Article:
10 April 2008

not about food

Okay, enough of the food blogging. The more I write about food, the fewer comments I get. I can take a hint.

Instead, today, I'm going to post on a couple of other topics I love: movies, and gender issues. (Not that I think these topics will get many more comments, but at least it's a change of pace!)

I want to direct you to this piece by NPR's Peter Sagal, which has been all over the feminist blogs I read, about the blatant sexism in the new Dr. Seuss movie, Horton Hears a Who. It's pretty short; read it if you haven't already. I've written before about gender distribution in sci-fi and fantasy, and in that post I mentioned, without getting into details and examples, that it's part of a larger trend in film in our culture. But Horton apparently takes the cake, with one heroic boy and his ninety-six useless sisters. Trust me, they didn't get that from Seuss's book.

It felt great to read Sagal's indignant rant about the worth of daughters. The lack of female characters in kids' movies (and adult movies too, though I'll save that rant for another day), not just of female heroes or protagonists but of female characters in general, is something that has irritated me for a long time. Television is generally better -- thank goodness for PBS! -- but part of the reason for that is that there are so many kids' shows to choose from (even when you only get five channels) while there are, what, 3 or 4 mainstream kids' movies in theaters every year? Maybe five in a good year. Slim pickings, at any rate.

At the end of his piece, Sagal mentions several iconic kids' movies featuring male protagonists saving the day, or saving the world. Below the fold I'm going to highlight some of my favorite kids' movies (favorites of my boys, too, I should add) that give girls a chance to shine.

At the very top of my list is every film ever made by Hayao Miyazaki. From the magical adventures of Satsuki and Mei in My Neighbor Totoro, to the compassionate yet fierce ace pilot and princess Nausicaa, to the smart, resourceful Sophie taking charge in Howl's Moving Castle, to the slightly-feral warrior Princess Mononoke, Miyazaki's films are full of girls who run the show and save the day. Totoro was a favorite of my boys' when they were small, and Nausicaa is a long-time favorite of both as well.

One of my favorite movies even now is Mary Poppins, and both of my boys fell in love with it too when we first watched it a couple of months ago. Two adorable children go on adventures with a magical nanny who takes no nonsense from anyone. Plus there are fun and catchy songs to sing along to. Bonus: the children's mother is a suffragette! (Something I had forgotten in the many years between watching this movie as a child and as an adult.)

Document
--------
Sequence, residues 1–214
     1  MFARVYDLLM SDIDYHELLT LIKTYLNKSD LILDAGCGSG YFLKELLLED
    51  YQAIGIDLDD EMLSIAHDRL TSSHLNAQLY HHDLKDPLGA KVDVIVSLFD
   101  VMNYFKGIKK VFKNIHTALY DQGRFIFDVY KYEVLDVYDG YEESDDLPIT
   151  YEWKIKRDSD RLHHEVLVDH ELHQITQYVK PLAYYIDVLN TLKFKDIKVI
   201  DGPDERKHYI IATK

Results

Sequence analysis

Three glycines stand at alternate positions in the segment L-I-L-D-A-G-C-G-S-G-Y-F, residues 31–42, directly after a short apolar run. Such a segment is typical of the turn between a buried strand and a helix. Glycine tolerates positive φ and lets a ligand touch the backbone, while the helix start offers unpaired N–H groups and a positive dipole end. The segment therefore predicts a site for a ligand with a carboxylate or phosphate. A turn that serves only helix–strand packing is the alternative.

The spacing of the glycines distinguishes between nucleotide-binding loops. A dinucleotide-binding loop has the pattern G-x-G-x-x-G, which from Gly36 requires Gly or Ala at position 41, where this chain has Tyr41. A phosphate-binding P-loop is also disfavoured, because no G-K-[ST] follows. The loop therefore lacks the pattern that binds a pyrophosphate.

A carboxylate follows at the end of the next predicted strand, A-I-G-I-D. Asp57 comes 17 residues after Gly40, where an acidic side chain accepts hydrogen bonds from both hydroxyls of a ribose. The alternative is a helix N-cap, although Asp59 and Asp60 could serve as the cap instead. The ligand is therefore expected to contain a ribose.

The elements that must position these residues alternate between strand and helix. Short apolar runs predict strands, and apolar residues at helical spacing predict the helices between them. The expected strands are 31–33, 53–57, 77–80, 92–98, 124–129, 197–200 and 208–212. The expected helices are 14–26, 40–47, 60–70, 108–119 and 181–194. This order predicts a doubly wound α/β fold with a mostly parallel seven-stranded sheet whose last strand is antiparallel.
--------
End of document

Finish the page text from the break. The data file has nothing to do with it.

I've been working on this post for a while, and the last film I can think of with good gender distribution (and a good plot too) is The Incredibles, the only Pixar film I can think of that has more than two female characters. (Did you see Ratatouille? Cute film, but am I the only one who noticed that in the colony of hundreds of rats, there was not a single female rat among them? Please!) As someone who likes superhero movies in general, and as the mother of boys who love superheroes, I have to say that I would really love to see more movies about female superheroes, and The Incredibles helps fulfill that wish a little bit for me. It's not only a fun film, but one that places its women on equal footing with its men, and in which everyone works together to save the day. My kind of film.

So there you have my favorite kids' films, for girls and boys. I don't think it's a coincidence that my favorite kids' films also have even gender distribution (well, more even than most films anyway) and/or strong female characters who are not stereotyped. (Okay, a proper British nanny is obviously a stereotype, but Mary Poppins goes so far above and beyond typical child-rearing that I think she's an exception here.) Maybe one of these days I'll have time to get into other kids' films that are good, but could have been better if their vast casts had included, say, one woman to every 3 men instead of one woman to every 10 men.


Ren said...

FYI, the link to the Sagal piece actually takes you to the blog entry that you direct readers to in your second link!

Heidi said...

Oops. Fixed. Thanks Ren.

John S said...

Ooh... if you guys haven't seen it yet, Spirited Away is another excellent Miyazaki movie with a female protagonist. It may be a little scary for the boys... but it's one of my favorites. I never realized most of his movies had heroines until you pointed that out.

Jessica said...

I've never heard of Mayazaki -- I'll have check those out. One of my favorite kid movies (for older kids) with lots of female characters and female protagonists is Anne of Green Gables.

Heidi, your boys are very lucky to have you as their mother -- you are doing a wonderful job raising them.